Meteorologists talking about the weather can feel like whacking a wasp’s nest these days, and it’s all thanks to conspiracy theories. Simple pictures of clouds or warnings about thunderstorms can elicit reactions nastier than the latest political throw down.
Meteorologists and weather reporters frequently deal with readers who insist that the weather is being controlled by an outside force, though they provide dubious evidence. They insist anyone who debunks their weather modification claims or refuses to agree with them is willfully ignorant or malicious shills raking in gobs of money to cover for whatever power is in control. The anger ranges from simple venting of outrage to outright death threats for allegedly covering up the truth.
The Theories They Believe in Are Wild
The most popular weather control conspiracy theory has to do with the long, thin condensation trails, or contrails, left behind by high-flying airplanes. The right combination of cold and humidity in the upper-levels of the atmosphere allows hot jet exhaust to condense into cirrus clouds. These clouds can dissipate immediately or linger for hours depending on weather conditions. Conspiracy theorists argue that these “chemtrails” are really clouds of hazardous chemicals being sprayed into the atmosphere by thousands of airplanes to manipulate our minds, make us sick, and/or control the weather.
The same goes for a research project in Alaska. Scientists set up a field of high-powered antennas in the Alaskan wilderness to study how radio waves propagate through the Earth’s ionosphere. This project is called the High Frequency Active Auroral Research Program (HAARP) and is a frequent target for commenters and YouTubers who say that shady government forces use concentrated energy beams sent out by these antennas to control natural disasters and direct calamity to specific parts of the globe. The HAARP conspiracy theory is essentially a real-life version of an episode of Pinky and the Brain.
Even every day weather radar isn’t immune from outlandish claims. Doppler weather radar in the United States works by sending out two pulses of energy to reflect off objects in the atmosphere. The energy that’s reflected back to the dish tells meteorologists the location, intensity, movement, size, and shape of whatever the radar detects.
This technology has glitches and flaws. Migrating birds and swarming bugs show up as a nebulous, vibrating balls of activity. Wind turbines show up as giant, stationary thunderstorms. The angle of the sunrise and sunset on certain days of the year can cause a spike of false returns. These glitches and false returns are sometimes used as proof that the government is using weather radar to control the precise location and intensity of thunderstorms.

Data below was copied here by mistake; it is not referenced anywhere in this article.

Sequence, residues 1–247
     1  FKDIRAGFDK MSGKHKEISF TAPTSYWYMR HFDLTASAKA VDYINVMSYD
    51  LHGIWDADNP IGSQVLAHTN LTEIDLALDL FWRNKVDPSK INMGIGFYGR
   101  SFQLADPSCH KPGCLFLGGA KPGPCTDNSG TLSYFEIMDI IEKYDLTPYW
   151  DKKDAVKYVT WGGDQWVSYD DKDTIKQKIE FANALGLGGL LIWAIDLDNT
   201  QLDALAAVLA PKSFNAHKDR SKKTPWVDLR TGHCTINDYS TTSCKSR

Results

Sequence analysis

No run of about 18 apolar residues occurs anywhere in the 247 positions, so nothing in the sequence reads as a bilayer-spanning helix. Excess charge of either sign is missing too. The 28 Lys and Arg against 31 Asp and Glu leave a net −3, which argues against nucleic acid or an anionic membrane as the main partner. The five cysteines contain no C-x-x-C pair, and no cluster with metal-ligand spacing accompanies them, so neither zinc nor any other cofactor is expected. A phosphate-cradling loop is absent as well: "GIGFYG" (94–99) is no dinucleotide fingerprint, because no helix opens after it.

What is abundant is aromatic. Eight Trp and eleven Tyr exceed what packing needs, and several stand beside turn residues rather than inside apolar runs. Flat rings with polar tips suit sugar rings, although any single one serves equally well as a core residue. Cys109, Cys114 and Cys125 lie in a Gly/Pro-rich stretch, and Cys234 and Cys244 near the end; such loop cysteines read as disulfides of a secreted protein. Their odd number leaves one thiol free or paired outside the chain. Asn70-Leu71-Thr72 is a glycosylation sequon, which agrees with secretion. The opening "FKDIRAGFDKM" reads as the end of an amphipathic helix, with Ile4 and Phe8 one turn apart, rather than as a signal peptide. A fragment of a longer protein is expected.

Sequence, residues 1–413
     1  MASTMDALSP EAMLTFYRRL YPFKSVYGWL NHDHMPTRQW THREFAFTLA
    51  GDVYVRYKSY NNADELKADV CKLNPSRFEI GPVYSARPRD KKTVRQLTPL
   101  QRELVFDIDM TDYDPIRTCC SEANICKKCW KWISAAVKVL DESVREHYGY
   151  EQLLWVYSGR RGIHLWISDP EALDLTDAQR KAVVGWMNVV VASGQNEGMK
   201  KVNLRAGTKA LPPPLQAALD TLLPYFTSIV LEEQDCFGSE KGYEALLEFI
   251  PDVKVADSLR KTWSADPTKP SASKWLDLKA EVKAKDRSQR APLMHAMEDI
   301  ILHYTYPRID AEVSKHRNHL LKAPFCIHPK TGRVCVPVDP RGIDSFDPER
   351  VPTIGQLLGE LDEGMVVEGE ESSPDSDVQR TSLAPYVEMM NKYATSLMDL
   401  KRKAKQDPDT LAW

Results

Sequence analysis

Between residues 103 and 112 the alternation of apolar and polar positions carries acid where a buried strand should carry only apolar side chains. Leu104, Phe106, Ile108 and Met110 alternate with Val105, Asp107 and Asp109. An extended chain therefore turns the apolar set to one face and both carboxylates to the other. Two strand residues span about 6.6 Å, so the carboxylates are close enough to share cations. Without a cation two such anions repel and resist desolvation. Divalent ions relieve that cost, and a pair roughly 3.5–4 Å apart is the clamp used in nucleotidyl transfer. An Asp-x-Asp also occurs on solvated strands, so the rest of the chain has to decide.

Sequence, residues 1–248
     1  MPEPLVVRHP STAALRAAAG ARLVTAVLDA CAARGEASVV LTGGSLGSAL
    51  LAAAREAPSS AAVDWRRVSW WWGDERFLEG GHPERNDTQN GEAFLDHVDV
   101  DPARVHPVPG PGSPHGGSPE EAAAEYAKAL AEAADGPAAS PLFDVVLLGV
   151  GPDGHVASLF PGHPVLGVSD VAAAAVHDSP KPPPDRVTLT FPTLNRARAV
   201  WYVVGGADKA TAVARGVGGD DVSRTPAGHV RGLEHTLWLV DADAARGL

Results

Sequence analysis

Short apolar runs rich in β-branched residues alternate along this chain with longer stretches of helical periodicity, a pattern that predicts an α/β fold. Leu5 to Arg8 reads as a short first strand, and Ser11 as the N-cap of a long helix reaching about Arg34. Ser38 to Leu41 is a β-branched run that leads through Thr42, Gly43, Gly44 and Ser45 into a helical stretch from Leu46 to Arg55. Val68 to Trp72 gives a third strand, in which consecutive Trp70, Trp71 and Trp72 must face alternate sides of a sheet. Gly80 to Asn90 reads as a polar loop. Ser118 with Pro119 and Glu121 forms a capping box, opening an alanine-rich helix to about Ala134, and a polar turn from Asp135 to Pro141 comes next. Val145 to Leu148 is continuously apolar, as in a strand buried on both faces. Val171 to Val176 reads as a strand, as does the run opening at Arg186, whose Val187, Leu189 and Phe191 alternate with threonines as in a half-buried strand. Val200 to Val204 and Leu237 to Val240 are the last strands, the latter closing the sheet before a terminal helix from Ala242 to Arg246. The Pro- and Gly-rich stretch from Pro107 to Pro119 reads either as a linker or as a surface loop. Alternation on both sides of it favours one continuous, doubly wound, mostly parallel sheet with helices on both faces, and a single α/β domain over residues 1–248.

So Why Do People Believe Them?
People believe in weather control conspiracy theories for five main reasons.
Money. It’s the single strongest factor behind the spread of conspiracy theories. If you search “chemtrails” or “HAARP” and look into the people and organizations pushing these conspiracy theories, the common factor is that they’re profiting from doing so. Not only do they reap ad revenue, but they often ask for donations or try to sell their readers products. There’s a clear financial incentive to convince people to believe their claims.
People don’t want to believe that disasters are random. It’s terrifying to think that a tornado could sweep away your home with only a moment’s notice and that earthquakes can trigger tsunami waves that kill hundreds of thousands of people. The indifference of disasters is an unsettling thought that’s hard for humans to grasp. It’s oddly more comforting to believe that a group of evil people sitting around a table created a superstorm than it is to believe that bad things just happen.
Believing in an alternative truth makes people feel smarter. It makes them feel superior when they think they know something no one else knows. And when someone tells them they’re wrong, a conspiracy theorist argues their opponent is not enlightened or involved in the cover up. Feeling smart and being “in the know” is an important part of the appeal of conspiracy theories.
Many people who believe in weather control conspiracy theories already have a negative opinion of the government. This partially explains why they attribute natural disasters to those supposedly evil jerks in Washington or at the U.N. in New York. After all, they figure, when they’ve already done things beyond the pale, what’s to stop them from triggering natural disasters?
Conspiracies theories are often interwoven. If someone thinks they know the truth about one thing, they tend to think they know the truth about everything. The people who believe there’s an omnipotent world government are often the same people who believe the weather is made by computers. If you believe that there are secret military operations happening, it’s not that much of a stretch to believe that the 9:30 into Dulles is spraying us with noxious chemicals. Many conspiracy theories are gateways to each other, and once the gate is open, it’s hard to put the sheep back in the field.